“We will now use this new capital and our existing funds to accelerate our businesses towards financial sustainability.”

“We have achieved this at a time when this sector is at the start of a period of rapid growth. Our ability to be innovative both technically and commercially creates the opportunity to accelerate the growth our business to achieve and sustain profitable ongoing operations within the next 12-24 months.”

Dr.Ottoviano was quoted last year discussing the increasing competitiveness of renewables:

“We are fielding an increasing number of opportunities that historically were performed by diesel or gas turbines, for which battery systems are now increasingly competitive. The CCE battery solution offers faster response time, lower operating cost, no greenhouse gas pollution, and silent operation.”

Carnegie have also been responsible for some huge solar projects in Australia (which are in various states of progress), namely:

The company was founded in 1987 as Carnegie Wave Energy but has since expanded and renamed itself after purchasing solar and battery microgrid developer Energy Made Clean. Click here to visit the Carnegie website. 

Keep an eye on CCE on the ASX! Current price is at $0.032 as per InvestSmart.

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Shepparton solar: council to install

Shepparton Solar Farm Proposals / Council Solar

Shepparton solar – the regional Victoria town is going to follow the trend of councils going renewable and install solar power at some of their local facilities, the Greater Shepparton City Council voted this week. The jury’s still out on a number proposed solar farms in Shepparton which are being opposed by some.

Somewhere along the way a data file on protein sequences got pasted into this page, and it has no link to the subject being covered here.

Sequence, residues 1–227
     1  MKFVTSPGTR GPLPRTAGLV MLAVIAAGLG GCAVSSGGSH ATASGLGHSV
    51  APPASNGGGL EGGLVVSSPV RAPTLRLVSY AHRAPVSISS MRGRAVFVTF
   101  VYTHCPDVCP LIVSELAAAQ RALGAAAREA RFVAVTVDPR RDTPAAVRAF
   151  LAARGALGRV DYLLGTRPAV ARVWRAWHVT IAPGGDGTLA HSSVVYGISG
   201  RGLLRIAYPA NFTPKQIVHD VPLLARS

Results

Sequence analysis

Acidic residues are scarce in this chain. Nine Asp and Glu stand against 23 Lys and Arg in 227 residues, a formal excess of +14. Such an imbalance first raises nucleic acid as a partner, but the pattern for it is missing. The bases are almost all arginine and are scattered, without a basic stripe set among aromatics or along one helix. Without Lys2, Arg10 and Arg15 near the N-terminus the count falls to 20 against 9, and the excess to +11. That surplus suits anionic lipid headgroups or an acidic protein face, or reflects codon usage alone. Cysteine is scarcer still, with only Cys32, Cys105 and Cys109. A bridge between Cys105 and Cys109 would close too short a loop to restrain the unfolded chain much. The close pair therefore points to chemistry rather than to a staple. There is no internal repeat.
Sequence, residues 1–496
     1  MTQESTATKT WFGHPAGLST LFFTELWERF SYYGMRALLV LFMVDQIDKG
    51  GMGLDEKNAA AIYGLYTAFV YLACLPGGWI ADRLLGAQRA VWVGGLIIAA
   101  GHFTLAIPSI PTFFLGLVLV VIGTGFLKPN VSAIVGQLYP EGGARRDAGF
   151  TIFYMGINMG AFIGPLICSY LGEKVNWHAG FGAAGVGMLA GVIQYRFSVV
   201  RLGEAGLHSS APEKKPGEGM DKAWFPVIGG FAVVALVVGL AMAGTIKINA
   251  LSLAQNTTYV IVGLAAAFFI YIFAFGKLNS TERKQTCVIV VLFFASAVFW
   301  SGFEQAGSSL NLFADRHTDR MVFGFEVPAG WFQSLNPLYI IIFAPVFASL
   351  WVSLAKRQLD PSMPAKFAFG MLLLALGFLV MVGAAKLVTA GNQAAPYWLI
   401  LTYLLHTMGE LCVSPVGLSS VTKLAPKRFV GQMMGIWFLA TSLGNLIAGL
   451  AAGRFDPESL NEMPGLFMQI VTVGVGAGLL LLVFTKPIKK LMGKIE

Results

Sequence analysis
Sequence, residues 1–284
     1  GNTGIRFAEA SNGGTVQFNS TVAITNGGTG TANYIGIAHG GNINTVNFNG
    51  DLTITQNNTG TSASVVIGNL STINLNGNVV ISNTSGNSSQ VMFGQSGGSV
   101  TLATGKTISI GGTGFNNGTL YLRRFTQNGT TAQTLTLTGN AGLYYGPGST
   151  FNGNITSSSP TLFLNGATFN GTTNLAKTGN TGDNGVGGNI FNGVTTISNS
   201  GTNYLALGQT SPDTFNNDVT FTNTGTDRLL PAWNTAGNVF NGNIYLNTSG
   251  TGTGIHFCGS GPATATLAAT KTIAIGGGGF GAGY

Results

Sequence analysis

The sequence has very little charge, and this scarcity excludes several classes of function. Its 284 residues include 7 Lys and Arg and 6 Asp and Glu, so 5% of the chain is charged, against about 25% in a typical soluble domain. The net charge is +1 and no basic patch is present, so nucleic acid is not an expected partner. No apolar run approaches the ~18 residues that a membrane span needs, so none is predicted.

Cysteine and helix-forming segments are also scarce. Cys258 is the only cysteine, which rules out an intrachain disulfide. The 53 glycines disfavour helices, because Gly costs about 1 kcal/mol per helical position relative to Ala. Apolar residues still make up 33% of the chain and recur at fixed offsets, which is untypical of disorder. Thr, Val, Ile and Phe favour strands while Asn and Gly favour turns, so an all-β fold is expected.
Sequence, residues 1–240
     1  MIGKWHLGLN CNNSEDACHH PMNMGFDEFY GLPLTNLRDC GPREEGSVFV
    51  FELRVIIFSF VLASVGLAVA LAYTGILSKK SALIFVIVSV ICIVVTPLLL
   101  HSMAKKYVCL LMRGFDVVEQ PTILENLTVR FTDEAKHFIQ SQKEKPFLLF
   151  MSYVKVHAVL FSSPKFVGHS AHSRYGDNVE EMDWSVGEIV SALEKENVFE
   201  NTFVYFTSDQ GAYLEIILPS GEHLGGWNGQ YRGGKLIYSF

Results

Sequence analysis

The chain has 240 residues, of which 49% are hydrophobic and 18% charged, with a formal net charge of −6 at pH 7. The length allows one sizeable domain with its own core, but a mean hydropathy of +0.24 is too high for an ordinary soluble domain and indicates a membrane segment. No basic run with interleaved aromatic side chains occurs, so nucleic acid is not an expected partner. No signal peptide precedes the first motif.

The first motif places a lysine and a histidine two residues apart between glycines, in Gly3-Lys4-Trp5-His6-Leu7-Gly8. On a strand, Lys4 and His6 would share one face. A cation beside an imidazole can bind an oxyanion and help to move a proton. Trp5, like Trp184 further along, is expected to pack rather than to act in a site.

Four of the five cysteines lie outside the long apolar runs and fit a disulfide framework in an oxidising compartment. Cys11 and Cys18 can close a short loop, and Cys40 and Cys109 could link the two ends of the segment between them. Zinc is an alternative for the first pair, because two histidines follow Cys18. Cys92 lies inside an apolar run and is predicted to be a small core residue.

Shepparton solar – council investment.

Council solar has been a hot topic over the past 12 months and it’s fantastic to see the Greater Shepparton City Council following suit – Renew Economy are reporting that at a council meeting last week a $225,500 contract to install solar panels on multiple council buildings had been awarded to True Value Solar from Melbourne. 

Cr Bruce Giovanetti made a statement about how important councils doing their part in utilising renewable energy is:

‘‘It’s great to see council is taking a proactive approach to ensuring we can reduce energy consumption costs as much as we can,’’ he said.

Shepparton Solar Farms

Shepparton Solar Farm Proposals / Council Solar
Shepparton Solar Farm (source: greatershepparton.com.au)

The Shepparton News are reporting that five solar farms in Shepparton have been proposed:

  • Tatura East solar farm (45MW)
  • Tallygaroopna solar farm (30MW)
  • Lemnos solar farm (100MW)
  • Congupna solar farm (68MW)
  • Mooroopna solar farm (12MW)

These five farms total more than $300m of investment and will produce over 250MW of power for the area – but not everybody is happy about it. 

According to Greater Shepparton Councillor Chris Hazelman:

‘We’ve heard the relevant objections from people nearby, which indicates concerns about the science, about amenity, about the alienation of agricultural land,”

Hazelman elaborated on how he thinks the dispute will end up in the courts: